Ghosts have a terrifying weight, even as they float among the rafters. When artists show at the Scarab Club, they take on the ghosts of Rivera, Rockwell, Duchamp, and other famous artists whose signatures grace the beams of the venerable club's second floor.
Maybe the weight has been too much. For at least the past two decades, the Scarab Club was simply not on the radar for most artists, and was considered the place with yet another flower or watercolor show. But the spirits stopped their bullying two years ago with sculptor Michael Hall's retrospective. And the current ceramic show, Clay Journeys, by Susanne Stephenson and Marie Woo, also commands their respect.
The main gallery is divided into halves, giving each artist's work a strong initial impact. Woo's work is as subdued as Stephenson's is expressionistic. And although they play out their ideas through different materials and influences, the two artists share a deep affinity for landscape and the ceramic tradition of the vessel. Stephenson's art evokes the forces of nature, abstracted crashing waves and volcanic craters, forms relative to a scale we recognize, rendered in plates and vessels. Woo refers to complex systems, such as the cosmos or cellular division, with visual restraint, in simple, shallow vessels.
Abstract expressionism might be the primary influence for Stephenson's swirls of primary color, although you can't help but recall the pure joy of painter Howard Hodgkin's palette as well. "Summer Pool" is a large wall plate. With wide strokes, she makes high-gloss orange marks in a yellow-and-blue sky, surrounded by strokes of matte-glazed ochre and sienna. Her exquisite window into another world is so complete that you actually forget the lovely vision is made of gooey ceramic liquid hardened by fire.
Stephenson's painting references are many, but she never lets you forget you're looking at sculpture. She takes a traditional elongated platter and then pushes clay sections forward and back, integrating the very gestural brushwork on the surface with the underlying form. (Painter Elizabeth Murray should have a look.) In "Tibetan Host II," the abstracted form suggests a giant ear. Some of the small plates have deep color within the strong black outlines of a Japanese woodblock print.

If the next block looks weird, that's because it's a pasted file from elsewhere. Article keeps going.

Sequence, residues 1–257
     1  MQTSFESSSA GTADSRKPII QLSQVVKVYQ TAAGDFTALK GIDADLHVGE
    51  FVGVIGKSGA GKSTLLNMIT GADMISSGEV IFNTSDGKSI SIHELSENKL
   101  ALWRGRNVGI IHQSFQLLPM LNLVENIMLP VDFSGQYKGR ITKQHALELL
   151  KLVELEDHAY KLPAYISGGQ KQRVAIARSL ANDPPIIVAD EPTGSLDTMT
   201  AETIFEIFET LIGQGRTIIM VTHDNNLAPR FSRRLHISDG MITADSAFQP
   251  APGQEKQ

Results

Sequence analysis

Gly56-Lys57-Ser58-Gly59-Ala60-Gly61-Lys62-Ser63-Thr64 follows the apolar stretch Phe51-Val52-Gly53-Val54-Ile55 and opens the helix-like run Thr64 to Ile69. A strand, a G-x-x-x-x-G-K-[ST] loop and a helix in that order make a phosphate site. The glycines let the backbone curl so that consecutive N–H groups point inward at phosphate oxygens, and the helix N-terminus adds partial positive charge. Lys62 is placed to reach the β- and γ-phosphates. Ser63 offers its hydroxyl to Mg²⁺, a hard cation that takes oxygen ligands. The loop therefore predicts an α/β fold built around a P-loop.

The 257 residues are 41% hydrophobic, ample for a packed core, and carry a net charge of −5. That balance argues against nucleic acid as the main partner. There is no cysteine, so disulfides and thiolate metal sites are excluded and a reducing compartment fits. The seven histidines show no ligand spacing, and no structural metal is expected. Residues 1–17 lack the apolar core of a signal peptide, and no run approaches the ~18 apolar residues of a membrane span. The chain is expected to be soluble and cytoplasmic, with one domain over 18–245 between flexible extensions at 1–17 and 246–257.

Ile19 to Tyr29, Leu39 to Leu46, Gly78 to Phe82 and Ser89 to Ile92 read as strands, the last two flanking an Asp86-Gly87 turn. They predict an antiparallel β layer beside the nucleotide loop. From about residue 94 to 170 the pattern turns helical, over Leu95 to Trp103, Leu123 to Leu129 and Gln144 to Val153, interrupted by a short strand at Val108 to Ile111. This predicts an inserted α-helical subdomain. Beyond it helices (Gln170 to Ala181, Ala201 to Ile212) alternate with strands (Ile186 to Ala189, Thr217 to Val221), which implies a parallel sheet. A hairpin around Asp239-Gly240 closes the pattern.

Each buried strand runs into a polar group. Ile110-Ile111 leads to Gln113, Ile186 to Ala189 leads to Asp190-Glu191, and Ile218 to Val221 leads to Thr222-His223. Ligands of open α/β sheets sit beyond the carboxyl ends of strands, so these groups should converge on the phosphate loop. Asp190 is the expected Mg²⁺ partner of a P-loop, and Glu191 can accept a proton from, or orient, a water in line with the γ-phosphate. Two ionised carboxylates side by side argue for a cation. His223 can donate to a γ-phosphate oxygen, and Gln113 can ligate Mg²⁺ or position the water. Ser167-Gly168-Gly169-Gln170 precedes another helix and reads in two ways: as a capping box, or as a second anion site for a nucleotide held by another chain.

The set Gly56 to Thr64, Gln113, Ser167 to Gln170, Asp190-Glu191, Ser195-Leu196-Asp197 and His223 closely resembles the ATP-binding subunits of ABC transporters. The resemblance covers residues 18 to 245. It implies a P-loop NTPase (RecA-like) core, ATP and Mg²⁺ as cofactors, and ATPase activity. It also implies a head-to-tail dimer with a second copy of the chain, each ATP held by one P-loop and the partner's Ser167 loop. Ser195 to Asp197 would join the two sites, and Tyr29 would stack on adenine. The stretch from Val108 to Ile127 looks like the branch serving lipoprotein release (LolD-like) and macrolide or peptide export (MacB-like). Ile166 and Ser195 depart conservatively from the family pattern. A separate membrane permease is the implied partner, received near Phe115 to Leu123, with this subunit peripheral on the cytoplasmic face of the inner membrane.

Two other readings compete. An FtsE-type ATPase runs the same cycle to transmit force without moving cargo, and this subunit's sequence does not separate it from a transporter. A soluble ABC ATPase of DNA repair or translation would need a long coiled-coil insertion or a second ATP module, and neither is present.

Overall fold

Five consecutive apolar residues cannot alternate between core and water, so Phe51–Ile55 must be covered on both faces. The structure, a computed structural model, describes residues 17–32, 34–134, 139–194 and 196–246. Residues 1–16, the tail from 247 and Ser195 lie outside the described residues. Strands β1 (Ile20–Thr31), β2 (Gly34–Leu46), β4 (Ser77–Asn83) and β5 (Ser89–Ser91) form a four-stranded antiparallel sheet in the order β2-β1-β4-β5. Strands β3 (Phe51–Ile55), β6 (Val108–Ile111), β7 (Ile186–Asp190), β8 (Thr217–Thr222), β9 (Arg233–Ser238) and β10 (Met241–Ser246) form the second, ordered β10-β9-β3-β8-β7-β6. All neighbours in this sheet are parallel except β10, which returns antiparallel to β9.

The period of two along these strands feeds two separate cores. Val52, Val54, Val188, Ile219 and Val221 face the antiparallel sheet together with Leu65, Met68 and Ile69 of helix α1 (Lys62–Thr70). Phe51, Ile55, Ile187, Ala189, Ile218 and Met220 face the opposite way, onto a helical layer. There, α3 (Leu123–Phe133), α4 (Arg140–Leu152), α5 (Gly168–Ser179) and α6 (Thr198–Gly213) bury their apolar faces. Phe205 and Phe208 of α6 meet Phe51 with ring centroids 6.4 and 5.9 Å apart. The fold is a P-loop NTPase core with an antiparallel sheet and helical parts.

The lovely platter "Blue Wave I" has a kinship with Ando Hiroshige's stylized print of crashing waves and frothy white foam. Their small size proves bigger is not always better.
Woo's work also takes the common form of an open circular vessel hung on the wall. In its simplicity, her art invites contemplation, evoking philosophical ideas through reductive color and form. Island-shaped forms sit in the center of vast oceans of subdued color, covered with a crusty dark glaze like a moonscape. Some sculptures include pieces of found metal that serve as rusty and uneven backgrounds for the objects sitting on them. The objects are either triangular, wedge-shaped like pastries, or like biomorphic clubs that look like they've been unearthed after centuries underground. Woo's "# 5" features a mysterious-looking egg splitting into two cells in the rusty confines of the bowl. Several wall vessels bring to mind the work of Spanish painter Antoni Tapies, such as Woo's cross-shaped slabs and her luscious surface texture of pebbly blobs. Like Stephenson, she culls influences from mainstream art history as much as ceramic history, and exploits the visceral quality of clay to give life to her ideas.
Talking to ghosts is always tricky. They demand the best. The Scarab Club is listening. Their recent agenda to show high quality work of the courageous few who continue making art after 30 or 40 years (especially in Detroit) is good news for young artists who are taking note. What's red-hot in the art world is a blip on a time line developing an aesthetic voice over a lifetime is what endures. Woo and Stephenson not only endure, they make dirt float and sing.
Closing reception for Clay Journeys is 6-9 p.m., Friday, May 12. Runs through May 13. At the Scarab Club, 217 Farnsworth St., Detroit; 313-831-1250.Gerry Craig writes about art for Metro Times. Send comments to firstname.lastname@example.org